ASIC reveals common application errors
With the deadline for the accountants’ exemption drawing near ASIC has revealed a number of the common errors being made in limited licence applications.
According to Warren Day, senior executive leader of assessment and intelligence at ASIC, there has been a raft of recurring issues identified by the regulatory body which accountants should be aware of before applying themselves.
“Accountants are failing to submit the required documents as part of the application process,” Mr Day said.
“The compulsory training that is required to be eligible for a licence has not been undertaken or completed.”
In addition, applications are “providing supporting documents relating to related parties of the applicant rather than the applicant itself (eg. financial statements, membership of external dispute resolution schemes and professional indemnity insurance),” according to Mr Day.
ASIC has also identified those applicants that are “Failing to appreciate that a limited licence does not enable a licensee to provide personal advice in relation to making recommendations about specific financial products (eg. BHP shares).”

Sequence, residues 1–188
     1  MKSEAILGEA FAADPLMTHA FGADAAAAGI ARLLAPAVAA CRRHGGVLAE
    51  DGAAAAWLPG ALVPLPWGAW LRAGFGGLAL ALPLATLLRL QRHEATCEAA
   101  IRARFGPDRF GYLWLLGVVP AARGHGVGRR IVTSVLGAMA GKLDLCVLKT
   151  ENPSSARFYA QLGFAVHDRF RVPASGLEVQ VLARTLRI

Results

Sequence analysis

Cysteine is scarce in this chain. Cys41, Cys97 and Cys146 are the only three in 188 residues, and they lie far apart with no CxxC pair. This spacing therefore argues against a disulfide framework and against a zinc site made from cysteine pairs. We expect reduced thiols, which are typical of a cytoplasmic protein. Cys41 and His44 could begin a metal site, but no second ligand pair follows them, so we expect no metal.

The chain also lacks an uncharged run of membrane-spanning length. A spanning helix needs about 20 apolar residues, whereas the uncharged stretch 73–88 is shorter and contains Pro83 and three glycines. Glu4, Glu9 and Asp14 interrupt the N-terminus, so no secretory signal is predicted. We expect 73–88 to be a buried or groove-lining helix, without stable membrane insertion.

Kath Bowler, CEO of Licensing for Accountants, an independent firm which supports and transitions accountants into licensing said the high rate of rejection seen to date is down to the fact that many accountants simply don’t understand what’s involved in getting a licence.
“They don’t understand that it wasn’t an automatic process, and they don’t understand that they have to do their initial training before they apply.”
Consulting ASIC for the most updated figures on applications unveils a frightening reality: of a paltry 188 applications received to date, 92 have been withdrawn or rejected from lodgement. For a profession with an eye for the minutia, this is certainly a staggering and alarming figure.
As ASIC noted, “Applicants continue to submit applications that do not meet the requirements that enable ASIC to adequately assess them".
The regulator noted that when an application is rejected because it is deficient in some way, applicants are encouraged to make contact with their industry association, and access the guidance that ASIC has made available.
For more on this issue read the Finding your way feature from the December/January issue of Public Accountant.